Just thought I'd get this one out of the way right up front. It's the most common form of writing when one is in anguish. But just because your eighth grade teacher forced you to journal day in and day out until you wanted to beat her over the head with the dang thing, don't let a bad experience keep you from trying it again. Journaling doesn't have to be bondage. In fact, if you're doing it right, it's the complete opposite. Scribble down words when your emotions are roiling. They don't even have to be legible or grammatically correct. It's the act of purging out your angst via pen and paper that makes you feel better, not the quality of the prose.

Start a blog. You can have more than one...they're free! You're not doing this to create a platform or to sell yourself in any way. It's just a place to spew your thoughts. Why go public? Because as exquisite and personal as you think your pain is, I guarantee you there is someone else out there in cyberland that is going through the same thing. Your honesty as you work through hard times can be an encouragement to someone else. But remember how I started this section: the purpose of blogging your pain isn't to garner an audience. That's just a byproduct. The real bonus of having a blog is that it magically makes you more accountable to keep writing. It feels official, so you're more likely to do it.

Okay, so that's a super lame-oh sub-head. Cut me some slack. I've only had one cup of java so far. Anyhoo, what I'm talking about here is mailing cards to others. Write a note of encouragement. Peruse the Hallmark cards and find one that says something that someone else needs to hear. Take the focus off yourself and your pain and redirect your thoughts outward, even when you don't feel like it. Surprisingly, this little exercise will make you feel better.

Those are just a few samples. As for me, well, I am an author. My inky great cure is to simply kill off a character. You can usually tell what kind of mood I'm in by the manner of death. Sick and twisted? You bet...but it's a whole lot cheaper than psychoanalysis.

Wednesday, October 2, 2013

Failure & Freedom

Recently my 92 year old mother moved in with us. Epic. Disaster. Despite our best attempts to live in harmony, she is looking to move into an apartment. She is not happy in our home.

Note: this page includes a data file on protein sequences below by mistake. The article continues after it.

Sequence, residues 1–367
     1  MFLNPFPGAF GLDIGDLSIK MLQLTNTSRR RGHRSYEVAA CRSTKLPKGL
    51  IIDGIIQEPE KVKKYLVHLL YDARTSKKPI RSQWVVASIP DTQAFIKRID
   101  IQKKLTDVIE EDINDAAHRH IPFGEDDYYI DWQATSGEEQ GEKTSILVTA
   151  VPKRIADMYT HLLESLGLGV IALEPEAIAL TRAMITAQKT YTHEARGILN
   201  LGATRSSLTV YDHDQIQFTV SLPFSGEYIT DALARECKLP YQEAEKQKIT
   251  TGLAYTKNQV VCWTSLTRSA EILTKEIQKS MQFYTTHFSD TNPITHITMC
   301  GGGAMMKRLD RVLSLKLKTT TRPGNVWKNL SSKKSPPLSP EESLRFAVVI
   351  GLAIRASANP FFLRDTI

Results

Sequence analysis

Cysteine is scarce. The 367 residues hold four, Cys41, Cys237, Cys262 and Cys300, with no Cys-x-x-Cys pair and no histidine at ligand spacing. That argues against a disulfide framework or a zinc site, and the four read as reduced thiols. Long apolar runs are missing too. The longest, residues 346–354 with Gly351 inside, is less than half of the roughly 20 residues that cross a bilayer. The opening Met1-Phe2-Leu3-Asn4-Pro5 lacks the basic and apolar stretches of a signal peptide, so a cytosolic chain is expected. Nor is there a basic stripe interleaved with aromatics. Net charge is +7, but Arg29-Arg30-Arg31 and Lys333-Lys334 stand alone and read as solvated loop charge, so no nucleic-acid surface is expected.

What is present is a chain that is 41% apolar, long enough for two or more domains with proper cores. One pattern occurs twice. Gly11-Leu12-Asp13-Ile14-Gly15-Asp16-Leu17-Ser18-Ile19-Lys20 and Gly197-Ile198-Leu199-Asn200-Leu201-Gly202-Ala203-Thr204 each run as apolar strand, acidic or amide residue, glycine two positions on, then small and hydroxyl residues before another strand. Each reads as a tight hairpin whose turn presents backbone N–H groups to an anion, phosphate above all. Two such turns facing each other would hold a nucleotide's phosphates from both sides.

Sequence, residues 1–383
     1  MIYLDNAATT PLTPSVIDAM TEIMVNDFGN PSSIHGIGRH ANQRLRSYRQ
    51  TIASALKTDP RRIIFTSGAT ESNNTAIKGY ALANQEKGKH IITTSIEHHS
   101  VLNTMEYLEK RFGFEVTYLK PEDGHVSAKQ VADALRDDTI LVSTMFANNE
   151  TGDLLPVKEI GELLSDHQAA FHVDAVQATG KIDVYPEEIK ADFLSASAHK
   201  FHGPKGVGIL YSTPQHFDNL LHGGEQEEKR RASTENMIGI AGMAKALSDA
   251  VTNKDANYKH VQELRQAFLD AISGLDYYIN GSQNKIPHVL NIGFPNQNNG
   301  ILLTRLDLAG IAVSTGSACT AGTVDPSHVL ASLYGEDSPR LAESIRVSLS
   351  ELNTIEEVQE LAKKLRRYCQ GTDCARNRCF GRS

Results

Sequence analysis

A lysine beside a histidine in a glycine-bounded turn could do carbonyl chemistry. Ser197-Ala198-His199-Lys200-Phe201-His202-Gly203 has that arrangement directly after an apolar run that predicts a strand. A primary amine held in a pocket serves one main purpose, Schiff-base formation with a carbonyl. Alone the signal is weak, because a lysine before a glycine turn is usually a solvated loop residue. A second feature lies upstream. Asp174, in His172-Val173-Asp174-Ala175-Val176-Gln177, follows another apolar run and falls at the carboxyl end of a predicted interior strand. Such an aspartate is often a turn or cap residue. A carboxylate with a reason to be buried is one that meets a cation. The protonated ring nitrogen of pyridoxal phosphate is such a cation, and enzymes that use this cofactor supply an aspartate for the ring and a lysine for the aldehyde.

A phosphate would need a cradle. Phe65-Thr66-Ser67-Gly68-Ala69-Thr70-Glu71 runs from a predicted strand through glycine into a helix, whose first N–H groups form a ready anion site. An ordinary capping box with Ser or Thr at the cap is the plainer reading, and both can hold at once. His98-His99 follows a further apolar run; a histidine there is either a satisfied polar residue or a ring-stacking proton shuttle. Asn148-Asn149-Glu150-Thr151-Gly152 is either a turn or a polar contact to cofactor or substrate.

I have mixed feelings about her leaving...if she actually does. On one hand, I feel like a failure. What could I have done differently? How could I have been more humble? Shown more love?

But on the flip side there will be no more  verbal barbs that rip out little pieces of my soul. Smell that? It's the scent of SWEET FREEDOM! Yeah baby. Party at my house. Be there.
What does any of this have to do with writing?

Failure and freedom is the two-sided coin every writer keeps in their pocket. Each rejection is a stabbing defeat, no matter how many times you've been published. Failure is one of the squares on the writing game board that everyone lands on now and then, no matter how well you shake the dice.

If you turn that rejection coin over, though, you'll see an American eagle. Freedom to write what you want to write because, doggone it, you don't have any deadlines, and no expectations to wrangle the plot into a shape you never intended nor wanted to intend.  It is an off the leash experience to write whatever you want to without any boundaries.

Of course, that doesn't pay the bills, but hey...that's a whole other blog post.

Tuesday, October 1, 2013

3 Elements of a Villain
I love me a great villain, one I can shake my fist at. One who makes me growl like a beast as I read...and one who in some shadowy corner of my heart, I secretly understand and feel compassion towards.

The trick to writing a memorable bad guy is to get your reader to root for him on some level.

Example: In A HEART DECEIVED, bad guy Nigel Thorne is a real rotten fella. Think Grinch. Garlic in his soul. Heart's a dead tomato. Yada, yada. But throughout the story, poor ol' Nigel's got an even worse scoundrel after him, which drives him to antagonize Ethan the hero. Savvy?

There are many ingredients that go into crafting a character readers love to hate, but here are the top 3...

Make your bully as icky as you want but give him a teddy bear...or some other quirk that shows he's got a chink in his bad boy armor. This creates sympathy in the heart of a reader.

A villain is more interesting if a few others consider him good or trustworthy. Granted, those others might be deluded or bad guys themselves, but hey, loyalty of any kind is an admirable trait. Your antagonist MUST have something in him that others respect, something that a reader can respect, or he's not going to be believable.

A great nemesis must stop at nothing, for any reason. Ever. One of the most frightening things about a really evil dude is when they just won't quit. A hero wouldn't look quite as heroic if he was up against a bad guy who took his ball and ran home, right?

Weave these traits into your next thug to create a memorable villain.